Although he was no longer active in politics; and although he had resigned his directorship in CORE as early as 1966 due to Core’s stance against The Vietnam War, following in his father’s footsteps James Farmer continued hid own tradition of working as an academic on the College Campuses of the United States. For James L. Farmer who had been taught and tutored by his well educated parents had been recognized as a child prodigy by the age of ten. When he was a young man of fourteen, Farmer’s brilliance was recognized by Melvin B. Tolson of Wiley College where Farmer excelled as student and as a member of the debate team. He received his Baccalaureate Degree before he turned twenty years old. Later in life, he was to continue his education as a graduate student of Theology in Howard University’s School of Religion. By his own admission, however, Farmer dropped out of Howard to pursue a career as a Civil Right’s Activist because, “I didn’t see how I could honestly preach the gospel of Christ in a church that practiced discrimination.” Despite his failure to secure a Doctorate, Farmer began teaching at the all-black Lincoln University in Oxford, Pennsylvania in 1967. From 1985 to 1998 he taught Politics, Civil Rights Tactics and Intervention, and a History of Race-Relations all rolled into one in History 200: An introduction to The Civil Rights Movement at Mary Washington University in Fredericksburg, Virginia. Severely afflicted with Diabetes to the extent that he had lost his sight and both of his legs to the disease , James L. Farmer Jr. died of complications due to Diabetes on July 9th, 1999. He was seventy-nine years old and the last of The Big Four from The Civil Rights Era to die having been preceded by Dr. King in 1968, Whitney Young in 1971, and Roy Wilkins in 1981. Prior to his death he had been awarded an honorary Doctorate from Morehouse University, and The Presidential Medal of Freedom from President William Jefferson Clinton in 1998.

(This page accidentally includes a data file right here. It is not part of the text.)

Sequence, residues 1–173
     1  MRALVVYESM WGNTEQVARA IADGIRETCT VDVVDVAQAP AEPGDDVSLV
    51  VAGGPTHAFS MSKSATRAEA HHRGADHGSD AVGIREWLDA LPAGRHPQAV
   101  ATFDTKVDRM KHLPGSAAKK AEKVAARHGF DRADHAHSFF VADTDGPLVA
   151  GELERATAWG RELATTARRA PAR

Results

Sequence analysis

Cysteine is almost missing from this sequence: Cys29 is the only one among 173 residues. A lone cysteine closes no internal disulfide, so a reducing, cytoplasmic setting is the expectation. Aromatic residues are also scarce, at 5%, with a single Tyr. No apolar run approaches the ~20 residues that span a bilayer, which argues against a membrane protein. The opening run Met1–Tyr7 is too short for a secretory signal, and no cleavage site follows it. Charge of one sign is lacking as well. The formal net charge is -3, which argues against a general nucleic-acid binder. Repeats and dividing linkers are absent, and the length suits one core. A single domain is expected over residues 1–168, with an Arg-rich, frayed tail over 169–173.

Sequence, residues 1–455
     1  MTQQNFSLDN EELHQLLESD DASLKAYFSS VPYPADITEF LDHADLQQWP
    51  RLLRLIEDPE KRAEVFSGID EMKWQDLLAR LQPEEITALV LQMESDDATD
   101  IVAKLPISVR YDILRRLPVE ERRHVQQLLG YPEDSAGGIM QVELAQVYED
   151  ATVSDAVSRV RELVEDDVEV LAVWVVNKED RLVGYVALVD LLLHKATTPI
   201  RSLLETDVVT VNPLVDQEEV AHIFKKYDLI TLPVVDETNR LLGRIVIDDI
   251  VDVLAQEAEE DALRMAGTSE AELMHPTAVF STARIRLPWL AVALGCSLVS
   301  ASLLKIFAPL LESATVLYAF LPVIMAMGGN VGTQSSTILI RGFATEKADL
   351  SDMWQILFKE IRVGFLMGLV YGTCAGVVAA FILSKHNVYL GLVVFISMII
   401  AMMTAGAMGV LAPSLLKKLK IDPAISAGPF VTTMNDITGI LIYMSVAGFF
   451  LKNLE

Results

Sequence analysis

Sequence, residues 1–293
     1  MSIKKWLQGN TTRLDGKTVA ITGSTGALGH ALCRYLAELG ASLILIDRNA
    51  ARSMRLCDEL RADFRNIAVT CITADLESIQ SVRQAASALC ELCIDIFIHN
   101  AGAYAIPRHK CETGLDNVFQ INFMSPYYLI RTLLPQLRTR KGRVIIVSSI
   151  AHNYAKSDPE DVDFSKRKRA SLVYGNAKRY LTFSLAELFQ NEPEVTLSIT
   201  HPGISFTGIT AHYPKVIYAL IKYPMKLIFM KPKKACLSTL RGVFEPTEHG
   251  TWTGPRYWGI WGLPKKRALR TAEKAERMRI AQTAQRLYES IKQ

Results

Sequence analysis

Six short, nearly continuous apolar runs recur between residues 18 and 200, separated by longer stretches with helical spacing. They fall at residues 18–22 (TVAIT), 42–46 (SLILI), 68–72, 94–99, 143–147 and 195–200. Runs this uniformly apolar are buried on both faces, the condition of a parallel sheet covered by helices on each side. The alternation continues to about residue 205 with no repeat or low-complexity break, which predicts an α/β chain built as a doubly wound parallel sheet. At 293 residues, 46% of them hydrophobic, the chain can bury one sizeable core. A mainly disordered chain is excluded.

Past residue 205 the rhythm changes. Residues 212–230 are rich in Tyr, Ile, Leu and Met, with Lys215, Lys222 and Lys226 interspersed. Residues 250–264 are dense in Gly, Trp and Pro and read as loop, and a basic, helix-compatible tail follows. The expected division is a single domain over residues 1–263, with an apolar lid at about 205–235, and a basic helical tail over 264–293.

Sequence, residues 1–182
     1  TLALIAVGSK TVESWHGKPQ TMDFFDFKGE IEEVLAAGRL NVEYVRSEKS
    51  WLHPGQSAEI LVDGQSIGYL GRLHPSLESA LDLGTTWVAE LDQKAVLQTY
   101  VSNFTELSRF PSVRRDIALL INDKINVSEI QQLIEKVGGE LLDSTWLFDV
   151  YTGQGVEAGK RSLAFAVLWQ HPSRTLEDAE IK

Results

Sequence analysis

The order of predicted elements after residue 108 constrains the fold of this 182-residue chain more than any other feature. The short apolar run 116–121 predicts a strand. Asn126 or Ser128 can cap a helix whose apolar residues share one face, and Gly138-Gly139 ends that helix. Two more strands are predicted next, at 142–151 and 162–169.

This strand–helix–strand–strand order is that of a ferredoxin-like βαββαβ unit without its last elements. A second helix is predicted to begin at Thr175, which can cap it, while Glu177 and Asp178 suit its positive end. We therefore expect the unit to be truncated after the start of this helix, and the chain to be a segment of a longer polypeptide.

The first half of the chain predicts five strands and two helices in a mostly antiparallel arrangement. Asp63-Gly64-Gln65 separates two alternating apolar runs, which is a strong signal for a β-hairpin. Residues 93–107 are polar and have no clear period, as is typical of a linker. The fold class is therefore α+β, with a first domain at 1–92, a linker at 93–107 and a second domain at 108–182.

About The Author: Cleo E. Brown has a Master’s Degree in Contemporary African-American History from The University of California at Davis in Davis, California. She also has a B.A. Minor Degree in Political-Science and has completed course work towards a Ph.D. in Education from The University of San Francisco in San Francisco, California. She is a Free Lance Writer and a Senior Editor at HHR.

NOTE: Farmer's marriage to Lula Peterson did not end in divorce. It ended when she died of the complications of Hogikins disease in 1977. source - "Lay Bare the Heart."


Gail K Beil said...

I've known Farmer, Jr. since 1982. As to his politics, he always said that no party should take for granted the black vote. (His father, by the way, was a"Lincoln "Republican) I would suggest that you take another look at "Lay Bare the Heart," for Farmer's views on political party affiliation.

Gail said...

Farmer's marriage to Lula Peterson did not end in divorce. It ended when she died of the complications of Hogikins disease in 1977. source - "Lay Bare the Heart." Please correct the error.